Wednesday, April 10, 2002

Charity pulls plug on one of oldest bingo games

By Cindy Schroeder,
The Cincinnati Enquirer

        COVINGTON — One of Northern Kentucky's oldest charitable bingos has ended.

        Citing declining profits and increased competition from other bingos and gambling boats, the Point/ARC of Northern Kentucky ended its 22-year-old bingo Feb. 1.

        Jo Ann Mahorney, an assistant director of the nonprofit agency that helps people with developmental disabilities, said The Point stopped offering its twice-a-week bingos after two other charitable bingos left the building about a year ago.

        “We decided to stop it after it ceased to be real profitable for us,” Mrs. Mahorney said. During the past five years, she said, The Point's bingo profits were down by about 50 percent. “It declined a little bit each year,” she said.

        In 1980, The Point opened the first charitable bingo in Covington, Mrs. Mahorney said. However, in the years since then, a number of churches, VFW halls and other groups opened their own bingos. “Today, there's a bingo every night on every corner,” she said.

        About a year ago, bingos operated by Citizen Advocacy and the Fraternal Order of Police shut down in the hall where The Point operated its game.

        “If they win big money at our bingo, they head for the casino boats where they can get a bigger jackpot,” Mrs. Mahorney said.

        Although statewide gross receipts for charitable gaming have risen each year since 1995, some “bingo hot spots” such as Northern Kentucky and Jefferson County have seen fierce competition from competing bingos, as well as the gambling boats in Indiana, said Scott Jones, general counsel for Kentucky's Department of Charitable Gaming.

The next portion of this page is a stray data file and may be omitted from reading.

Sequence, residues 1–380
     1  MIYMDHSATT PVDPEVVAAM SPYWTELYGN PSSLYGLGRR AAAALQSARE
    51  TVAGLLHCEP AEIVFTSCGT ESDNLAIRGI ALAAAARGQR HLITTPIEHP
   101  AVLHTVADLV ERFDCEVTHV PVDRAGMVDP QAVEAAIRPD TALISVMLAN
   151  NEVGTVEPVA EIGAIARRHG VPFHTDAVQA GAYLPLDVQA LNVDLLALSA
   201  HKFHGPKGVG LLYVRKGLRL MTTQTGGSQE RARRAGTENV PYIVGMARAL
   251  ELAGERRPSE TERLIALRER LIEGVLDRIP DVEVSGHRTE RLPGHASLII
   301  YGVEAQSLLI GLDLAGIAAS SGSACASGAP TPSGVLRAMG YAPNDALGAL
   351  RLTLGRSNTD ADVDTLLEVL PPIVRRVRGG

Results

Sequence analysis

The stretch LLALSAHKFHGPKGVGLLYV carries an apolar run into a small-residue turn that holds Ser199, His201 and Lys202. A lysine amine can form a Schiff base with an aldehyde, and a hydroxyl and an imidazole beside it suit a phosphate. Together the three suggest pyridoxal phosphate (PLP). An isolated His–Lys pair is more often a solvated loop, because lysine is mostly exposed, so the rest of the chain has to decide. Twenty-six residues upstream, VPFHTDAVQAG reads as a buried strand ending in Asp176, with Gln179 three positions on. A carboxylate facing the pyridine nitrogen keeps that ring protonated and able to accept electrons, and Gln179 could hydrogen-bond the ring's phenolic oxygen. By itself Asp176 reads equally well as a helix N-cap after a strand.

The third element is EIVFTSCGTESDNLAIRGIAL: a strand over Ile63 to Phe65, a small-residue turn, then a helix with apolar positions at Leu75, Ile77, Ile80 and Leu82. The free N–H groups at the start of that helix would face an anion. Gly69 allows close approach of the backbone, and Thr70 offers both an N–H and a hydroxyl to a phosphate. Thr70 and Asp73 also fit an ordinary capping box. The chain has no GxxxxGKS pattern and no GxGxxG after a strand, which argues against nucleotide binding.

Although gamblers have a better chance of winning at their local charitable bingo, the payoffs are larger at the gambling boats, he said.

        “Before, if someone won $500 at a bingo game or pulltab, they'd spend more on pulltabs or bingo,” Mr. Scott said. “Now they head over to the casino boats and play the video slot machines.”

        In another change, McHale's Catering — the caterer for The Point Pavilion the past three years — has taken over management of the full-service banquet facility, and is redoing its interior.

        McHale's, now called McHales's Catering & Event Specialists, has spent about $100,000 on improvements that include a hardwood dance floor, new furnishings and chandeliers, carpeting and a new color scheme, said Jenny Schneider, general manager.

        Exterior renovations, including new awnings and moving the entrance to the front of the building, should be finished by the end of the year, Ms. Schneider said.


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